Matthew Seligman (Cardozo School of Law) has posted Constitutional Politics, Court Packing, and Judicial Appointments Reform on SSRN. Here is the abstract:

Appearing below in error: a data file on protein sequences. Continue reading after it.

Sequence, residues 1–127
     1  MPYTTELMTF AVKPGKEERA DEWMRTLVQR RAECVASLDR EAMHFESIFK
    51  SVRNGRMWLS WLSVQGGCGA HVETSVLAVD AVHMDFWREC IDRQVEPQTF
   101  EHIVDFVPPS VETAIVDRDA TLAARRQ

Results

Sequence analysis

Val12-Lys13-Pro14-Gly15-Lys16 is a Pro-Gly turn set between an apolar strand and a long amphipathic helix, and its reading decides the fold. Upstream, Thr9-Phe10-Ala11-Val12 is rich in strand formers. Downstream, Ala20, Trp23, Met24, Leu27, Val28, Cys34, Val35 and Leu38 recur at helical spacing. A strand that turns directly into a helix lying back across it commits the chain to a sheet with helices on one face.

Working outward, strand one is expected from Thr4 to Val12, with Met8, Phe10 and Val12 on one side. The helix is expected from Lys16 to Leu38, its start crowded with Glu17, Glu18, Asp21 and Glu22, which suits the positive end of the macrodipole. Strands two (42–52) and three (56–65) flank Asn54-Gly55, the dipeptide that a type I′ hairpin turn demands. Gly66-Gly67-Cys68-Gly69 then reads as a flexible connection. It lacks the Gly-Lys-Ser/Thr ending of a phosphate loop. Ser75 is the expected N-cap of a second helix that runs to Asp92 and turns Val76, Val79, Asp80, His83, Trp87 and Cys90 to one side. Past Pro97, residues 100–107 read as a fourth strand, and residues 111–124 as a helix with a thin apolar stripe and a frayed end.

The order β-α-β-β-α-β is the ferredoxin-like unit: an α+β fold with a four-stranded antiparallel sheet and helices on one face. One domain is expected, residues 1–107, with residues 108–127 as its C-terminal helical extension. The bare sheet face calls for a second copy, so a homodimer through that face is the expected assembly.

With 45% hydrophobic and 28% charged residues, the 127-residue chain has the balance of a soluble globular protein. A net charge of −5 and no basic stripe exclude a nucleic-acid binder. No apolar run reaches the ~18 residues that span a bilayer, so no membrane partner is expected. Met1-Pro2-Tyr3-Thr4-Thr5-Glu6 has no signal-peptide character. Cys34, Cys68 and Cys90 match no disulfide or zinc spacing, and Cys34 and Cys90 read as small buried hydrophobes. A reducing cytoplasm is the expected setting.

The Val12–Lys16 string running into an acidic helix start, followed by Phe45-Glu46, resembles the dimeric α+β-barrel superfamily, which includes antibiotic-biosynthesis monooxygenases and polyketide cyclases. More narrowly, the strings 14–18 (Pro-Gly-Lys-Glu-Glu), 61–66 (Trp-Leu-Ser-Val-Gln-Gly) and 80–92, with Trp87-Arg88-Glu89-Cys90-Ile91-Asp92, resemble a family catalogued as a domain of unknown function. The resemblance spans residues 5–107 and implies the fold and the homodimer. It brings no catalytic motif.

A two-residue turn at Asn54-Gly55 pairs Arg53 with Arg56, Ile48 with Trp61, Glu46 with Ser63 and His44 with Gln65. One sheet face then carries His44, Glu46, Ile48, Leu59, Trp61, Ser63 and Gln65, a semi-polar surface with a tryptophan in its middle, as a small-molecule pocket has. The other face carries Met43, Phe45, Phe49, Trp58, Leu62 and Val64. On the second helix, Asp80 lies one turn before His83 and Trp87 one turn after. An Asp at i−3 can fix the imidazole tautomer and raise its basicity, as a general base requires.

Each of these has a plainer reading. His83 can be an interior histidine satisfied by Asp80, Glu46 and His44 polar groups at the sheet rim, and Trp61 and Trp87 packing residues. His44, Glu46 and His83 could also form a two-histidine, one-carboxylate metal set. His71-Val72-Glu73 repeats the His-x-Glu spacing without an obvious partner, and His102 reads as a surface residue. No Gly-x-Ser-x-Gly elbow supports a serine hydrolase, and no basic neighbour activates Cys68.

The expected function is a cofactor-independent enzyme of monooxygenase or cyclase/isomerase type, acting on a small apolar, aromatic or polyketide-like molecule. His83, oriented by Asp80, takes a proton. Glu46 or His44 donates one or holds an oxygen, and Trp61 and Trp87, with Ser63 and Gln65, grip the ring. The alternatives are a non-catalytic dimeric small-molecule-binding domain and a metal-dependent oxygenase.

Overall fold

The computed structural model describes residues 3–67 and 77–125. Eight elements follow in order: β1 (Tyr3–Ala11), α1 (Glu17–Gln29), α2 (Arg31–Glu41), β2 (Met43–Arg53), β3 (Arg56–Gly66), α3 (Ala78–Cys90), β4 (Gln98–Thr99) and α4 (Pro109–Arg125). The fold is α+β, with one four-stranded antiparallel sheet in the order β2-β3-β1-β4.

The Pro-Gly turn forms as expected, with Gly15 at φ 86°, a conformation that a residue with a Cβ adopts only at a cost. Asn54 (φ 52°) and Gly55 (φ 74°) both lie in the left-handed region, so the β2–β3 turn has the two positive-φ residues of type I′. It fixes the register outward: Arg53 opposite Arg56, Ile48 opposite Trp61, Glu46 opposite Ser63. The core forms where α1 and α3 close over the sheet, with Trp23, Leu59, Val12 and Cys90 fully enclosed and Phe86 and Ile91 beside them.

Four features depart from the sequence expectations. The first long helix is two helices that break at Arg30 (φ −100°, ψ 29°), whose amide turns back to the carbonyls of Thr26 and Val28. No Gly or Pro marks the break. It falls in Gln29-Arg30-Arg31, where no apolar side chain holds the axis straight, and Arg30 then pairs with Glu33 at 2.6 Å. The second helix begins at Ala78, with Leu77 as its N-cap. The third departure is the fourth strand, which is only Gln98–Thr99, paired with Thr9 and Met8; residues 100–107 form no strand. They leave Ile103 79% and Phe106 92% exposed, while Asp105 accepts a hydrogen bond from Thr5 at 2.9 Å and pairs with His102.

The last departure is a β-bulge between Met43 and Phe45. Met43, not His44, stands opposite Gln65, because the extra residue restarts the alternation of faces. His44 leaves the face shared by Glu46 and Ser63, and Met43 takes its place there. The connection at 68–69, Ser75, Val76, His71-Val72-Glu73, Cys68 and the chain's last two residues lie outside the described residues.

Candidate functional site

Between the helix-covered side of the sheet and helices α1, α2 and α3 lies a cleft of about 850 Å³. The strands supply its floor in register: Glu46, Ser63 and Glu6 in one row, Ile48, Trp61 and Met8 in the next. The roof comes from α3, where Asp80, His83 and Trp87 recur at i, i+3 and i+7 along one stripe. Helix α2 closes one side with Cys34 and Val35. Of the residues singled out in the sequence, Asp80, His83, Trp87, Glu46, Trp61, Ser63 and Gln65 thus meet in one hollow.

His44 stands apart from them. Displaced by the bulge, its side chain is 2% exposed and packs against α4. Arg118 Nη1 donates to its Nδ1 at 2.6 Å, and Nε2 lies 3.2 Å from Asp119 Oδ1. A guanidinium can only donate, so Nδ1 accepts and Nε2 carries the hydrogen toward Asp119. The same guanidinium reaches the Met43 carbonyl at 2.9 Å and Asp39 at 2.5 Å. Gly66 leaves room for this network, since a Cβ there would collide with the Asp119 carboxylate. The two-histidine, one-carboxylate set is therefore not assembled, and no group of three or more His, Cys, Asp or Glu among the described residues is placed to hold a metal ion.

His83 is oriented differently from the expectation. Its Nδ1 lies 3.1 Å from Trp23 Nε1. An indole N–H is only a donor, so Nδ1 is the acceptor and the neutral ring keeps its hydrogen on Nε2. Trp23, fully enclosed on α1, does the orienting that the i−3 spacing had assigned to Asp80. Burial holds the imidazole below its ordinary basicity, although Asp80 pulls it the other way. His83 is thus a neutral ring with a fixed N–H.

The idea of court packing has arisen from its long slumber. With Justice Kennedy’s retirement and probable replacement with a new Justice appointed by President Trump, Republican Presidents will have appointed five of the nine Supreme Court Justices. This despite the fact that Democratic candidates have won the popular vote in six of the last seven Presidential elections. That apparent disparity between the allocation of judicial power and the democratic will of most Americans poses a potential challenge to the legitimacy of the judiciary. That has in turn prompted recent calls for Democrats to add seats to the Supreme Court when they return to power. This Essay examines the constitutional politics of the appointments process in an era of rising partisanship and constitutional hardball through the lens of game theory. It offers the counterintuitive conclusion that in this moment of cratering cooperation and collapsing constitutional norms, there may be a rare political and legal opportunity to restructure the judicial appointments process for the better and for good. The present constitutional moment provides a unique opening to solve the problem permanently through the perennial reform proposal: judicial term limits with regularized appointments. This Essay’s unique contribution is a pathway to its adoption that connects a constitutional amendment to current gestures towards court packing. By presenting the possibility—or, it can sometimes seem, inevitability—of a long-term cycle of escalation in view of the dynamics of an iterated game with known strategies, it seeks to reframe the discussion away from winning an adversarial game and toward changing the rules of that game to be more cooperative. The Essay analyzes the constitutional politics of judicial appointments as two games: the Prisoners' Dilemma and the Hawk-Dove Game. In either game, both parties are positioned to recognize the value of pursuing a long-term solution over securing short-term advantage precisely because the threat of escalation is now so salient. A constitutional amendment reforming the judicial appointments process has never been easy, and it will not be now. It would be naïve to suggest otherwise. But it has also never been more needed, and for that reason has never been more attainable.